One of the things I love most about my job as an F1 journalist is the variety it provides from one day to the next. Yes, a lot of time is spent travelling, and much more in front of a computer, but chasing F1 cars around the world leads one down all manner of colourful highways and byways, meeting unusual people.
And thus it is that I find myself, on the first working day of 2016, listening to the surf crashing on to the beach, while lying in bed in a hotel where Charles Dickens wrote Nicholas Nickleby.
According to the hotel Guest Services folder, this was a place Dickens visited often with his friend “Wilki Collins”. I love hotel blurbs. They always make the world seem a much more exciting place than perhaps it is. So, here I lie, in the place where Dickens dreamed up Wackford Squeers, Newman Noggs and Sir Mulberry Hawk. I have always been jealous of his ability to name characters so beautifully, although I suppose one cannot really complain when one deals with Jenson Buttons, Lewis Hamiltons and Fernando Alonsos. I always thought that Dickensian names were just a little exaggerated, but when one considers that Dickens was introduced to the aforementioned Collins by an artist called Augustus Egg, perhaps life and art are more closely allied than I sometimes imagine.
It was the misspelling of Wilki that got me thinking that that perhaps the hotel owners are not really the literary buffs they might appear to be, as no student of English literature would make such a mistake. Collins was a literary colossus in his own right, being known as the inventor of detective novel genre and considered in his day as a match for Dickens. His Woman in White and The Moonstone are both classics. I read them many years ago and remember liking them.
Anyway, it struck me that Dickens was famous for writing his novels in a serial format, publishing the stories in literary magazines, in monthly instalments, later collated into single volume novels… so I suspect that Nicholas Nickleby was not written during a brief stay in Room 35, overlooking the sea, but rather hammered out in 20 different places, depending on where Dickens was when his magazine deadline approached.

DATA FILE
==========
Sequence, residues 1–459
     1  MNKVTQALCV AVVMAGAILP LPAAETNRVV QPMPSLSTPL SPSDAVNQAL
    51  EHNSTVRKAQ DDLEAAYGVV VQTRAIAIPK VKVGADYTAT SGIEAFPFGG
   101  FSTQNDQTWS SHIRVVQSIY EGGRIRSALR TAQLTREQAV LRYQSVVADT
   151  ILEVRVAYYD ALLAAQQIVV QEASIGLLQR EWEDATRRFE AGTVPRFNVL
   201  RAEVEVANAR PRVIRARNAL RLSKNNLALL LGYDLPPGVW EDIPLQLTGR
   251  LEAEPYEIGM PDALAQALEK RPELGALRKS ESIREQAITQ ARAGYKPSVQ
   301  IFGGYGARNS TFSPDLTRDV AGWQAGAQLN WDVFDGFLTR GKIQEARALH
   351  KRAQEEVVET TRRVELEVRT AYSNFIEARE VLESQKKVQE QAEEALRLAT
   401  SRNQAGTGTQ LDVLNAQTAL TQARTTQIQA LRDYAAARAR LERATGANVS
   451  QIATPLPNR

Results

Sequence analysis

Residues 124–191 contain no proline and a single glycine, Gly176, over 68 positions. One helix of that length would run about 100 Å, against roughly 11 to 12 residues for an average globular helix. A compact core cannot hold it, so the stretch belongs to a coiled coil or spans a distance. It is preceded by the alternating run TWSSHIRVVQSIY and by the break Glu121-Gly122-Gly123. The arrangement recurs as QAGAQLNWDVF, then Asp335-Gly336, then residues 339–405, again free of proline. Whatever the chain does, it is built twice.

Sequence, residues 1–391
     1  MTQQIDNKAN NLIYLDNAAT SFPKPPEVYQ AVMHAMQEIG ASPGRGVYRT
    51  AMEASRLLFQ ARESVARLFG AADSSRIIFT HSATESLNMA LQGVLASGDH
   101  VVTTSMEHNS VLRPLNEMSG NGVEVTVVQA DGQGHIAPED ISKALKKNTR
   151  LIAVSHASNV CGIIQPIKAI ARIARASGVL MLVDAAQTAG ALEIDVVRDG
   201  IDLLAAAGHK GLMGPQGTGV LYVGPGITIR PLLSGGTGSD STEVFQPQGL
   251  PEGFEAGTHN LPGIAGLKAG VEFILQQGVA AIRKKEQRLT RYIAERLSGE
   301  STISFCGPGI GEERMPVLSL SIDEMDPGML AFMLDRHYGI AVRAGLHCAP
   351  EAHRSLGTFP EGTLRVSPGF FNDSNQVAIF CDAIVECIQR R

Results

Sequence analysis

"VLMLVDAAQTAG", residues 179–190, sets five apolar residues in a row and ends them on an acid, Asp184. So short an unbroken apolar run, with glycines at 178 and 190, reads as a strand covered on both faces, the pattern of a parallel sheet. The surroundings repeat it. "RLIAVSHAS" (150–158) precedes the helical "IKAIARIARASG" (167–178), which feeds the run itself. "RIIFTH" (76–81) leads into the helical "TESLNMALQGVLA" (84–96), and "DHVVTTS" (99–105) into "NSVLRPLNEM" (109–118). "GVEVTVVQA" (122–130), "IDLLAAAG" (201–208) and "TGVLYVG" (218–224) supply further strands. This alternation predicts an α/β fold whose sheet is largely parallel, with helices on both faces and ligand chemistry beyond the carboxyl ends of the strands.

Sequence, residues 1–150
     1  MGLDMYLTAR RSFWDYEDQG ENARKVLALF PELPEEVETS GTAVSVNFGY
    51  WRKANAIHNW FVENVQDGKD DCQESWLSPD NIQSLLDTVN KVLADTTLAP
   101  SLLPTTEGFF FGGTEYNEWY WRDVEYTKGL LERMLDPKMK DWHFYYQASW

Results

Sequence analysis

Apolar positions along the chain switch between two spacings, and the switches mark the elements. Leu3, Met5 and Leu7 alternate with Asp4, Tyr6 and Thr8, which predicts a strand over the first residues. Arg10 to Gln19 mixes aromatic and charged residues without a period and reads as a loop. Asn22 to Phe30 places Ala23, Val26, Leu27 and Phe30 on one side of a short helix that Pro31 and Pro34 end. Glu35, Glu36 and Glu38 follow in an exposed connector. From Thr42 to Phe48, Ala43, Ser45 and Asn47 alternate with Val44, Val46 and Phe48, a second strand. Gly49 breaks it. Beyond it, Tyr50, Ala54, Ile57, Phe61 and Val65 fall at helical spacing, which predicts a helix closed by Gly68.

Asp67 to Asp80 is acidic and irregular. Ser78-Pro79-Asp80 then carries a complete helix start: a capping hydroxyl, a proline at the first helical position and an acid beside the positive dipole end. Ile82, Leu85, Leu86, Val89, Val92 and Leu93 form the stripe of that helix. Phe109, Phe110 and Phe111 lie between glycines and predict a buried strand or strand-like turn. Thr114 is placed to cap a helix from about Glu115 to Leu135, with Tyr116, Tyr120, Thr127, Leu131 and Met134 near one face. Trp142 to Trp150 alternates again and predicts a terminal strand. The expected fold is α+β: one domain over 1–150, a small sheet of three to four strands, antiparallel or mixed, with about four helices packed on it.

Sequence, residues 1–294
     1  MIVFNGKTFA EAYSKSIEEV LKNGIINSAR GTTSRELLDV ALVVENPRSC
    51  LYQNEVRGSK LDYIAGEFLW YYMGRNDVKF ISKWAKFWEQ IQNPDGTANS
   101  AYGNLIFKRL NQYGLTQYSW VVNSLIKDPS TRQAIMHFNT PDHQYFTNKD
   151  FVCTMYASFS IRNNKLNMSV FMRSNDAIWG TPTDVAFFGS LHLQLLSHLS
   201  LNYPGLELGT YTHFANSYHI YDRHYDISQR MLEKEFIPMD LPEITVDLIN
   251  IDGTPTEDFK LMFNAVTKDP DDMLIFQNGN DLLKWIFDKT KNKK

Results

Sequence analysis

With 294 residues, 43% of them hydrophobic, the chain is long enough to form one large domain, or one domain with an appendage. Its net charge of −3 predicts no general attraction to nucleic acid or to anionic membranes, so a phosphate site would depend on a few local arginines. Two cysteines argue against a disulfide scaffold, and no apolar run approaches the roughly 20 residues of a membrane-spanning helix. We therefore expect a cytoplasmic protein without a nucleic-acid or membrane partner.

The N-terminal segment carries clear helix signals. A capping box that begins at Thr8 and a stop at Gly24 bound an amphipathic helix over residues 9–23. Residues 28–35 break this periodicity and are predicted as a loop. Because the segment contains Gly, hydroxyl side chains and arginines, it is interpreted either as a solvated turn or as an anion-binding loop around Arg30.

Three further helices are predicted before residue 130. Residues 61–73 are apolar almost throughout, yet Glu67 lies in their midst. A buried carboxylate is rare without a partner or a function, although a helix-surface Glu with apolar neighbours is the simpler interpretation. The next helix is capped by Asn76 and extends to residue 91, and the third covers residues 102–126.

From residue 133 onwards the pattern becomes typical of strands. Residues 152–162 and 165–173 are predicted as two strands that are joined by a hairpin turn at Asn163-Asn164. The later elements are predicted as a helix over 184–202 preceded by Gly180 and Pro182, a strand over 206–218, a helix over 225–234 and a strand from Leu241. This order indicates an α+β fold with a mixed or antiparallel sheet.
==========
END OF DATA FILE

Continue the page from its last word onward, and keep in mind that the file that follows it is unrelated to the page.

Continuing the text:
Still, I have long argued for good promotion in F1, and here is an example of using what one has to create a better business. I may have stumbled on the place by accident, but it seems that others visit because of the Dickensian connections.
All of this happened at the end of my first working day of 2016 during which I rediscovered the joys of driving through the night on French autoroutes, (listening to Gainsbourg, of course) and watching the windmills loop their loops. I caught a ferry (the tunnel being wildly overpriced), which took me back to my youth and gave me a nice view of dawn breaking over the White Cliffs of Dover, and then I headed on to my destination – Cranfield University – at the end of a rainbow.
They say that at the end of every rainbow there is a pot of gold, and perhaps that was true because I was at Cranfield to talk to (lecture is a big word) the latest group studying for a Master’s degree in motorsport engineering. There are about 30 students a year and most go on to be involved in the sport. Who knows? Perhaps the next Adrian Newey was there… Hence the rainbow.
As I don’t know a sprocket from a rocket, I might seem an odd lecturer on this subject, but part of the education of any good engineer is to understand the environment in which they will be working – and I talk each year about the business and the politics of the sport. It’s a good way to begin the year, as it involves putting a lot of very complex concepts into a concise and understandable form, and that, in itself, often provides insights.
It’s always rather inspiring to see the next generation of bright-eyed and bushy-tailed enthusiasts getting ready to launch into the business, and it gives me hope that all of F1’s current problems are simply a passing phase that will disappear, soon enough, and new ideas and new energy will arrive and drive the sport onwards in a constructive way.
Engineers are usually the smartest people in the sport, although few of them care much about the business side, as they get their kicks from designing the perfect gaffer-dazzler, thus leaving the finance and politics of the game to those with perhaps a little less intellect, but a lot more nous. Perhaps the sport would be in better shape if the engineers had more nous and the others more intellect.
Now there’s a thought.
Anyway, that was followed by a whistle stop tour of Canterbury and then a hotel by the sea, not too far from Dover. Today it is back to France, through the teeming rain, to where a computer screen awaits…